Wednesday, 30 March 2011

Adventures sans camera

My first nights sleep in over a fortnight was disturbed by some faint ringing sound. In a daze of where am I, when is it and what's going on I stumbled down stairs to the phone. To my fuggled amazement it was light, very light. I've not slept due to a really annoying sore throat and accompanying loss of voice for a week, so I grabbed the phone and tried to speak into it. Poor Martin at the other end must have though he'd got some deranged donkey-cross-wildebeast on the other end.

'Do I won't to come out kayaking?' - is the Pope Catholic?
'Can you get here for 9.30?' - cough splutter, try to speak - erm what time is it anyway
'8.10' - Wow, result I've slept a night! I don't mind been woken up to go kayaking at all.

So hurredly I let out and fed the hens and dog, chucked my stuff in the car, loaded the kayak. I suddenly remembered I might need a feed too and a drink! And then I was off, apparently passing other very jealous friends who were on their way to work and didn't miss the bright yellow kayak on my car as I whizzed north.

A friend of his has got a new fandangled sail for his kayak and very sensibly wants to try it out in company some were reasonably sheltered. So we meet at Vidlin and paddle out around 4km into the wind to Lunna Kirk. As we got further out it there was a reasonable swell on with a few bits just starting to creast occasionally. When we got to Lunna Kirk I got out to stretch my legs and have second breakfastses, while they bobbed about not wanting to scratch their very nice boats on the rocky shore.

Soon it's time for the return trip down wind. Him under sail and us under arm power behind him. It took him a while to get used to it, but once the sail was reasonably set he was off at about 5 or 6 knotts according to my GPS as we paddled on behind to keep up. His anenometer said it was about force 4 wind; it also said it was a balmy 3c, -0.5c with wind chill. Just to emphasise this we got a brief hail shower, refreshing!

His sail was a well made product costing over £300 similar to the above, but I found a pattern for one on the web and I've now made one for about £10 with odd bits and polytarp, though I've got an old spinnaker that i'm going to sew up to make a proper job. The poly tarp will do for now though!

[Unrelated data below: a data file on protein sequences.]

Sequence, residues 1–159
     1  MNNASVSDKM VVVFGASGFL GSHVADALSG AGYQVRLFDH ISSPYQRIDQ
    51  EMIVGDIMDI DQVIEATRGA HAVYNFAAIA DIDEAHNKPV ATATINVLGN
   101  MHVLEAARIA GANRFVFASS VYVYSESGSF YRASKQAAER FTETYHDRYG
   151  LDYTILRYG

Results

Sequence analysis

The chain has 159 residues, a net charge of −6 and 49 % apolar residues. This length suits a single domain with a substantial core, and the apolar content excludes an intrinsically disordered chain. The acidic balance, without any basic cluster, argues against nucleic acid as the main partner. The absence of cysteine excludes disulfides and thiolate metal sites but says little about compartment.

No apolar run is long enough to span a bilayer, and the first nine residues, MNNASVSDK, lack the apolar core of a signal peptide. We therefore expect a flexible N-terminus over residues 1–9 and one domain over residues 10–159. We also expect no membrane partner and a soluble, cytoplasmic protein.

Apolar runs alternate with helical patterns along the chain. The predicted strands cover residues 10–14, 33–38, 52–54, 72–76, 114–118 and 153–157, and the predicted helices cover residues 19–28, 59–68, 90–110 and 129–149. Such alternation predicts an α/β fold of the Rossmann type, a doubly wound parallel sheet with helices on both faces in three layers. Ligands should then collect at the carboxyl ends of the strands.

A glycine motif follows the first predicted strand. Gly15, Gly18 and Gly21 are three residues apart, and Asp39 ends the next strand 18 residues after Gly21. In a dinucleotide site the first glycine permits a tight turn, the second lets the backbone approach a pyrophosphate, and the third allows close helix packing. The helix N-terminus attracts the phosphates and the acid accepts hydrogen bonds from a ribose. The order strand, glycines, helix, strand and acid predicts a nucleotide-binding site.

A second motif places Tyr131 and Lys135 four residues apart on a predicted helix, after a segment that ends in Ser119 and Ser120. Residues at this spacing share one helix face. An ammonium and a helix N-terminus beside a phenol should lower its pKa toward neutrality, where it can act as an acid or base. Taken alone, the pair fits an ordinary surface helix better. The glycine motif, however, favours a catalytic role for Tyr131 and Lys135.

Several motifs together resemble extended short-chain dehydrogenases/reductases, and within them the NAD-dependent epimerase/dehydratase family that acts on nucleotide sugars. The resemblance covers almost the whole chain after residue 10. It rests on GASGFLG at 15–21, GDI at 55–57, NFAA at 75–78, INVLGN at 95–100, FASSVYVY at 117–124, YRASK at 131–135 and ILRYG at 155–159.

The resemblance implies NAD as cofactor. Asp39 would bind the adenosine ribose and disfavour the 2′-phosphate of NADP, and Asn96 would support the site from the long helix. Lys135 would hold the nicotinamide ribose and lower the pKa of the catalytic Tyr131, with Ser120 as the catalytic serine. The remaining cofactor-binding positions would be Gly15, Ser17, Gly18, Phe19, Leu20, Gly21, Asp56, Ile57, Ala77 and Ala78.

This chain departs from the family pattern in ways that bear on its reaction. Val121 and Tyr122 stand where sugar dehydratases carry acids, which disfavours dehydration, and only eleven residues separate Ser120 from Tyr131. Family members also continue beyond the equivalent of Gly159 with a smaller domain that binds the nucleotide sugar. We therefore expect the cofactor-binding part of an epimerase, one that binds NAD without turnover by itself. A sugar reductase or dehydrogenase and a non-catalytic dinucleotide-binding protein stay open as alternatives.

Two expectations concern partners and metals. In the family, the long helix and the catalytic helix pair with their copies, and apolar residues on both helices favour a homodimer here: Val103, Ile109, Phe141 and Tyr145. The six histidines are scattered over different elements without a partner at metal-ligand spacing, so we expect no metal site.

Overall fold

Oh, forgot to mention we went up past the salmon farms and had a quick chat to the workers. There was a random cricket/grasshopper sound which was pretty odd. They told us it's a seal scarer and that they reckon it does work. Apparently it puts out frequencies into the water that seals don't like, a bit like the controversial mosquito devices that some shops were using the other year to keep adolescents from hanging around outside!

Later that evening my friend who'd passed me on his way to work suggested a walk with his new mad dog 'Fluffy Wuffy' (really!) AKA Fluffy Ted, AKA Ted, AKA that £!£"%!!! dog. So we went off towards Tresta and an old track that leads up to a communications tower. It was a lovely, if not chilly evening. After the track to the tower all went boggy woggy as we squelched and jumped, but luckily didn't sink our way across the peat tops to the next ridge where there was a test tower for the proposed and controversial Viking Energy Windfarm. We put the world to rights as we splodged about before descending back to the main road in the near dark with out any injuries, just an aching knee for me. By the time we were back at the car it was dark, but we'd had a good bracing walk and some fine views. Views that make you realise how narrow and small Shetland is when you're up 'high'. OK I did wish I'd taken my camera, but it was 'brally fine' to go for a walk unhindered.

Today. Jobs to do. There's new hinges to go on the hen enclosure door, a swing to put up in the tree for Beren, washing and a few people to meet for boat related things.

Clare and beren are currently on their way up to Aberdeen by train; then the overnight ferry to Lerwick and I'll meet them at 7am tomorrow. Really missed them this last week, but I know they've had a good time away.

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